The Blackcoat’s Daughter: Surprisingly Affective Slow-Burning Horror
Blessed with a chilling atmosphere and a terrifying undertone of dread, The Blackcoat’s Daughter – also known as February- is one of the most uncomfortable and unnervingly intense movie experiences you will come across this year. Written and directed by actor-turned-director Oz Perkins, the story is slow, quiet and deliberate in its delivery and as a result, requires a lot of patience from those watching. However, if you are willing to give it a chance and stick it out to the end, the outcome just might please you.
Set almost entirely at a remote Catholic prep school for girls, students Kat (the astoundingly creepy Kiernan Shipka) and Rose (Boynton) are the last two girls left in the building whilst everyone else has packed up and left home for the especially cold winter break. With their parent’s arrival delayed, the girls have no choice but the spend the night alone at the institution, with only a pair of teachers who live on the grounds to supervise them.
As the night arrives, so do the creeps, especially when Rose catches Kat doing something strange and creepy in the basement of the building. Meanwhile, in another town close by, Joan (Roberts) – a quiet and a seemingly distraught young woman haunted by mysterious flashbacks – can be found sitting alone in the cold and she seems to be heading towards the same location as Kate and Rose. She ends up catching a ride with a helpful couple (played by Remar and Holly) who, as it turns out, have their own personal traumas to deal with.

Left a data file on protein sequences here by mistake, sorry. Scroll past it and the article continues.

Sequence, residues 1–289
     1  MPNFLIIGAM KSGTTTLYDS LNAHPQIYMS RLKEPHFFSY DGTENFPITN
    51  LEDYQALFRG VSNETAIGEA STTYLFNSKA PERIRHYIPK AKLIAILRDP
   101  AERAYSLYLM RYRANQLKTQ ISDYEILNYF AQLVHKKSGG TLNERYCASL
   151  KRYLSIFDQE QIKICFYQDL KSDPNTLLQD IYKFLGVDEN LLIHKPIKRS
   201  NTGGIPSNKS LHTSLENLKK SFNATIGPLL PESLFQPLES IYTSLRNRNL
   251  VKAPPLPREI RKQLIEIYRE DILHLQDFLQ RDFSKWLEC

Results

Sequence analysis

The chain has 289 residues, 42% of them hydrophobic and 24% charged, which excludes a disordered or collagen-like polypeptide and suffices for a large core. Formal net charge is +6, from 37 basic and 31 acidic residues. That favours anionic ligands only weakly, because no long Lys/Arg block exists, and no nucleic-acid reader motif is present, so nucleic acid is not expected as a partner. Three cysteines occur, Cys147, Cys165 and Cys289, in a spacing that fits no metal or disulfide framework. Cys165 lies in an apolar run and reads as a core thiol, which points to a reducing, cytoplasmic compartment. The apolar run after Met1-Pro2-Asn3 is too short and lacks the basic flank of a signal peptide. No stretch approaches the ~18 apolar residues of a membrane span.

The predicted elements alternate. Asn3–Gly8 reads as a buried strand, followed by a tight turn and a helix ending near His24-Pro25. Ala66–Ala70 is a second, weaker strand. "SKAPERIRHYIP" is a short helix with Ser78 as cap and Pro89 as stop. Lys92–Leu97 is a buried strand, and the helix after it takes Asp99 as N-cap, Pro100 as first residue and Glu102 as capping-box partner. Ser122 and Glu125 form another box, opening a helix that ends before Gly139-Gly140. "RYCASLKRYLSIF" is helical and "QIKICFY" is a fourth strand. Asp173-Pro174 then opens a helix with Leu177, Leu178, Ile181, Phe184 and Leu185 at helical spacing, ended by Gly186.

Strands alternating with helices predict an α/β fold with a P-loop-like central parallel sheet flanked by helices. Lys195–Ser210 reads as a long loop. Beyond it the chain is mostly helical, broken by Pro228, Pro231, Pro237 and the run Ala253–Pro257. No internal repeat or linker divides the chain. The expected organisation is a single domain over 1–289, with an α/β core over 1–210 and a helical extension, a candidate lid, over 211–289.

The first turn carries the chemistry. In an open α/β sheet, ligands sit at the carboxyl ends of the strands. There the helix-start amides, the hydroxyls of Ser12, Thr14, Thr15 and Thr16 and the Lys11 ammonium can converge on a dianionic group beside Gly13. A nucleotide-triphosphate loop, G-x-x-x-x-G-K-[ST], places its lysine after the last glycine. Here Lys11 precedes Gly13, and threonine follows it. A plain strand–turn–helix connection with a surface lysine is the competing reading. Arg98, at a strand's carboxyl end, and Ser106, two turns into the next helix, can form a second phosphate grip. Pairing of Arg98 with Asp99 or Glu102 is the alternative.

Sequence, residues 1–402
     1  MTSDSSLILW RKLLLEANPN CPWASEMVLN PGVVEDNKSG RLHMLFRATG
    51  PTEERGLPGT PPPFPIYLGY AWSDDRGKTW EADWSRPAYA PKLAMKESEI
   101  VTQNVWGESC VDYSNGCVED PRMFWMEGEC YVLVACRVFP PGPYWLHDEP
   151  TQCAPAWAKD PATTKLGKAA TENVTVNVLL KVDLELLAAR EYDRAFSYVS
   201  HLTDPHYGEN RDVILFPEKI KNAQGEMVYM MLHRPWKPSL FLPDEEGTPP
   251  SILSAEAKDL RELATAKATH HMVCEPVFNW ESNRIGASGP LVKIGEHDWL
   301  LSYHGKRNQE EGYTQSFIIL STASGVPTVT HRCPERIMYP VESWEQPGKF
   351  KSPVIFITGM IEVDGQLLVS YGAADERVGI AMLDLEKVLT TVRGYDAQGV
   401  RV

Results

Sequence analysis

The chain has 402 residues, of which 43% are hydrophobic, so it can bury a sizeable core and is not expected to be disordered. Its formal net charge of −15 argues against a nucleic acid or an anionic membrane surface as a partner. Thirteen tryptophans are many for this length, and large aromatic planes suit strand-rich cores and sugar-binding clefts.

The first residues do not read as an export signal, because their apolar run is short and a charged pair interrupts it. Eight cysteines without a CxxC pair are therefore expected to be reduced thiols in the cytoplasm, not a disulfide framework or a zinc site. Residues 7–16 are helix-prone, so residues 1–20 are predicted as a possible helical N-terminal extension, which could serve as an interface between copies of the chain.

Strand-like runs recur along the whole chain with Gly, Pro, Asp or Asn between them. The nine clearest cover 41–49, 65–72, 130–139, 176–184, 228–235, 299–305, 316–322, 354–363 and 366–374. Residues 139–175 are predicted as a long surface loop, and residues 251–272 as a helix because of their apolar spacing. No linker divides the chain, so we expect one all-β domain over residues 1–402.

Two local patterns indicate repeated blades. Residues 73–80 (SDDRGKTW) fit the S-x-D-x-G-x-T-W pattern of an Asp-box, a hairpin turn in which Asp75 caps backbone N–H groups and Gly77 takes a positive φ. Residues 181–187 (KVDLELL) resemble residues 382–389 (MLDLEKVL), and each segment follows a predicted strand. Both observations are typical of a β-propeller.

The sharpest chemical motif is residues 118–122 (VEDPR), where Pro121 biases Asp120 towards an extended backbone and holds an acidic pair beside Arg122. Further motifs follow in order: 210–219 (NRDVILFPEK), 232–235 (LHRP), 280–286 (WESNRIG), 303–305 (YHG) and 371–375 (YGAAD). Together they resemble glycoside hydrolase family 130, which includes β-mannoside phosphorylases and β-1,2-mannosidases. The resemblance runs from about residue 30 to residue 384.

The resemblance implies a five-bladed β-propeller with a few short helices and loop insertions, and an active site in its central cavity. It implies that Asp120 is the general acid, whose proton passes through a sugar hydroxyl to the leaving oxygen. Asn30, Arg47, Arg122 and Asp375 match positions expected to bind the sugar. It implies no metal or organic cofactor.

Staying well away from cheap scare tactics and predictable jump scares, The Blackcoat’s Daughter is followed by an inevitable sense of doom, which doesn’t really ease up until the movie’s closing minutes. The mood is thick and heavy, so much so that it’s almost too difficult to sit through without squirming in your seat a little. Coated with a deadly silence, Perkins definitely takes his time in getting the story to unfold and while his crawling pace might put have some viewers a little agitated, the payoff is relatively pleasing.
The performances are solid – Shipka delivers one of the creepiest performances of her young career – and the atmosphere is suitably isolating. However, it’s the movie’s leisurely pace which might not sit all too well with the viewers who, if they are not totally into the slow-build terrors, might lose interest.